BP Cuts Back Its Alternative Energy Division
Correction July 10, 2009
A previous Web version of this story said BP closed its alternative energy division. This is not the case; the company is reducing the size of the division.
ROBERT SIEGEL, host:
Over the past few years, we've become accustomed to British Petroleum advertising its commitment to alternative energy sources. In television commercials, Americans answer BP's questions, questions like, what will it take to secure our energy future?
(Soundbite of British Petroleum commercial)
Unidentified Woman: There's not going to be one thing that's going to fix it. That's the problem. There has to be a whole array, a whole palette of things that people do.
Unidentified Man: Like wind power, solar, hydrogen. I mean, there's so many other alternatives that are real. More importantly, those things work.
SIEGEL: That ad then says, we've invested $28 billion over the last five years in U.S. energy supplies, including solar, wind, hydrogen and natural gas. It's a start: BP, Beyond Petroleum.
Well, this week, reporter Ed Crooks wrote a story in the Financial Times with the headline, Back to Petroleum. Mr. Crooks reports that BP's Alternative Energy Division's office is being shut, its investment cut, and its chief executive is taking early retirement. And he joins us from London. Hi.
Mr. ED CROOKS (Reporter, Financial Times): Hi.
SIEGEL: How significant a change do those developments amount to?
Mr. CROOKS: Well, they have now quite a significant change, not so much in the amount of money that's being spent, 'cause it was always a fairly small proportion of BP's total investment that went into alternative energy, but in the signal that they send, the signal both to people inside the company and people outside it. Basically, what the chief executive now is saying to people about BP is that it's an oil and gas company. That's the heart of what it does. That's where it makes most of its money, and that's where its future is going to be, certainly, for the foreseeable future.
SIEGEL: And what we're talking about is a new CEO who arrived not too long ago and bringing new priorities.
Mr. CROOKS: That's right, exactly. A new CEO took over a couple of years ago. Lord Browne was the previous CEO, had been there 12 years. He was really kind of unusual in the oil industry. He very much stood out from the crowd in terms of being very early to identify global warming as a risk and very early to think that energy companies needed to do something about it. And so, he placed a lot of stress on this whole idea of beyond petroleum. And when BP talked about going beyond petroleum, that was very much his project.
I think certainly, you could say of Tony Hayward, who succeeded him, there was much less emphasis on that at BP.
SIEGEL: You quote him in your story as having complained at one time. There are too many people at this company. We're trying to save the world.
Mr. CROOKS: Yeah, that's right. There were quite a lot of things wrong about BP when he took over. And certainly, I think, one of them was that its financial performance was poor. And as you say, he was saying, we're not here to be a charity. We're not here to kind of serve high idealistic goals. We're here to provide returns for our shareholders. That's what the job of any business is to do.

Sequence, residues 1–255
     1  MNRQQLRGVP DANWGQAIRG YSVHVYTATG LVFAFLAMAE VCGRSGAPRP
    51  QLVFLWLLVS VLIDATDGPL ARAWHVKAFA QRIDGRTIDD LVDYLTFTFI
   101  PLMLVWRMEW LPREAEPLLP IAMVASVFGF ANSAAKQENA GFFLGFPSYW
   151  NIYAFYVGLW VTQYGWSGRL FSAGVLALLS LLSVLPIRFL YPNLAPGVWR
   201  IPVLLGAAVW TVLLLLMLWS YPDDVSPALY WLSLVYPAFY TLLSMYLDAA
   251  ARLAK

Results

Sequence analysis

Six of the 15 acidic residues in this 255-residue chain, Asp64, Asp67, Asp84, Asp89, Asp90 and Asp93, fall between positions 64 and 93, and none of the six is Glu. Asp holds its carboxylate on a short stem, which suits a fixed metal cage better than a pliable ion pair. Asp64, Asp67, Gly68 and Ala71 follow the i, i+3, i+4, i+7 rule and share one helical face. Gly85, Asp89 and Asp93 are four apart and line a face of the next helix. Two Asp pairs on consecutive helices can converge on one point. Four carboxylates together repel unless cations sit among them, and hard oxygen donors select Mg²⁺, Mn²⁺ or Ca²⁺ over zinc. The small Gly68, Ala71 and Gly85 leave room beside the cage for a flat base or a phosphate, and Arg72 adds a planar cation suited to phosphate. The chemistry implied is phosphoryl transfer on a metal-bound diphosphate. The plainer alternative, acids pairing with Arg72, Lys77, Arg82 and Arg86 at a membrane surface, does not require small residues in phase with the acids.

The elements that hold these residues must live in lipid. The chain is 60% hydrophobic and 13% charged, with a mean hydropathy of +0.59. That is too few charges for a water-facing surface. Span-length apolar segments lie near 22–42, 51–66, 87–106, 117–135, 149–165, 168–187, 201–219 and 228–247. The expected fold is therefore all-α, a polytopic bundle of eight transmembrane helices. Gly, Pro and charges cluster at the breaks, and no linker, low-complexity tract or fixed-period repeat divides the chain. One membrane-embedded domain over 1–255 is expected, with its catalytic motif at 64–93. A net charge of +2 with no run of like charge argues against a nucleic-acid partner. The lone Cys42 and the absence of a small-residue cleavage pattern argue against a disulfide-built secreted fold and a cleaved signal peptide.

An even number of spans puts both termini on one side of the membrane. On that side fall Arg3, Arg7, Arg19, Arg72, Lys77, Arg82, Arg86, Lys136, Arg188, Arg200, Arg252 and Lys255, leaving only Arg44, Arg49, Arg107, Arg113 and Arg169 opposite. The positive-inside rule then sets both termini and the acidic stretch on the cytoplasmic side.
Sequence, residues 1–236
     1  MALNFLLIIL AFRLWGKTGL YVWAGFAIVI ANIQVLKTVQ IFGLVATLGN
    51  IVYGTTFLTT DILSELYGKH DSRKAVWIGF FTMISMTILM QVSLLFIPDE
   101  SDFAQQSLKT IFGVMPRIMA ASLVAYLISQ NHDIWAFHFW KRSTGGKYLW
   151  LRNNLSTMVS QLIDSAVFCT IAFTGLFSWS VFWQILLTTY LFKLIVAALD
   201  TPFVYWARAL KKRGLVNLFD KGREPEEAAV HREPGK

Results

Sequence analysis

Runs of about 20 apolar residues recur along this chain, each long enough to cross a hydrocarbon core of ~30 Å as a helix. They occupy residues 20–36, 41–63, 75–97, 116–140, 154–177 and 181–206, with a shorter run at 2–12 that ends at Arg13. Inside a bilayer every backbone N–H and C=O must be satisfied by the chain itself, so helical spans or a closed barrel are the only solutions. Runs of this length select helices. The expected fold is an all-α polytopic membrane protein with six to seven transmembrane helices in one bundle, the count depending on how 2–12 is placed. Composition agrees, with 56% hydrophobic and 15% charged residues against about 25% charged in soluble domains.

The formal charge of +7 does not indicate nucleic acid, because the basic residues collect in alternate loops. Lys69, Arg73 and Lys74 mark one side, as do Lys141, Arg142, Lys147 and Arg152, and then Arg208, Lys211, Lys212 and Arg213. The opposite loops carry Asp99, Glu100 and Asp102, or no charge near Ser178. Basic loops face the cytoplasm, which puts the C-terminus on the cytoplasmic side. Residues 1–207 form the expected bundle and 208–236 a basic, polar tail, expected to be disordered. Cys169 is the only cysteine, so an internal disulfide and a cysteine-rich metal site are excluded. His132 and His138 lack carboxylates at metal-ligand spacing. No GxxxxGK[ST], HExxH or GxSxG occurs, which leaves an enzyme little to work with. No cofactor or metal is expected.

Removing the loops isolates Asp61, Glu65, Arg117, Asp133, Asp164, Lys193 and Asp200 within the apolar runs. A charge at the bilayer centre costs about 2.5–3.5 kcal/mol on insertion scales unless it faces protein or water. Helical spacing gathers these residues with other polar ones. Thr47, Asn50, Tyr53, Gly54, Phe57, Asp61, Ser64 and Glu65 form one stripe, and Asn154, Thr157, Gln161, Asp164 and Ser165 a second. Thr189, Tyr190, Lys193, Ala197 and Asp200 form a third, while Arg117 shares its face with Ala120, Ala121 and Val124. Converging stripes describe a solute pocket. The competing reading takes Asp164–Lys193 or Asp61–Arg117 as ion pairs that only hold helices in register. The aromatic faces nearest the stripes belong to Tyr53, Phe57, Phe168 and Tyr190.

And of course, that job has become particularly difficult for the oil companies this year because of the fall of the oil price. Obviously, last year, they were making money hand over fist. This year, they're in much more straitened circumstances, and that means some hard decisions have got to be made. And better, the business that are not making money, like for instance, some of the bits of solar power, some of the bits of wind power, and so on, have had to be curbed.
SIEGEL: So simply on the moral side, you quote somebody in your article in the Financial Times saying that the slogan Beyond Petroleum, BP, wildly successful by some measures, people recognize it very easily, made a lot of people at the company feel that they were undervalued, because they in fact were about petroleum.
Mr. CROOKS: Yeah, that's right. BP is a massive company, 100,000 people, well, rather less than that because we had some job cuts. So, let's say 90,000 people or so work for it worldwide. The vast majority of those are in, as you say, they're in petroleum, they're in oil and gas. And if you hear that the company is moving beyond petroleum, that sends quite a bad signal to you, I think. That says that you're not the really important part of the business. You're not the exciting part. You're not the future of the company. You're kind of redundant. You're a dinosaur. You're passing off into history.
And I think you're right. I think that was bad for morale. And certainly, when you look at some of the problems that occurred in the company, arguably, it was not just because of the slogan, but because of that cultural sense that petroleum was not the heart of what they wanted to do, not what the brightest and best of the company were involved in.
SIEGEL: You wrote in your story, having led the charge, BP is now leading the retreat. When the world does move beyond fossil fuels, neither BP nor any other big oil company is likely to be in the vanguard. If not an oil company, who?
Mr. CROOKS: Well, I think it certainly the electricity company is the one that I would identify as potential winners. And then the others would be companies we might not even know who they are yet. Maybe, you know, biotech, maybe some kind of other odd kind of technology company doing something perhaps you haven't even heard off. I think if we're going to get radical technological change, an energy revolution, it'll be companies we don't know who they are that'll lead it.
SIEGEL: Ed Crooks of the Financial Times in London. Thank you very much for talking with us.
Mr. CROOKS: Thank you.
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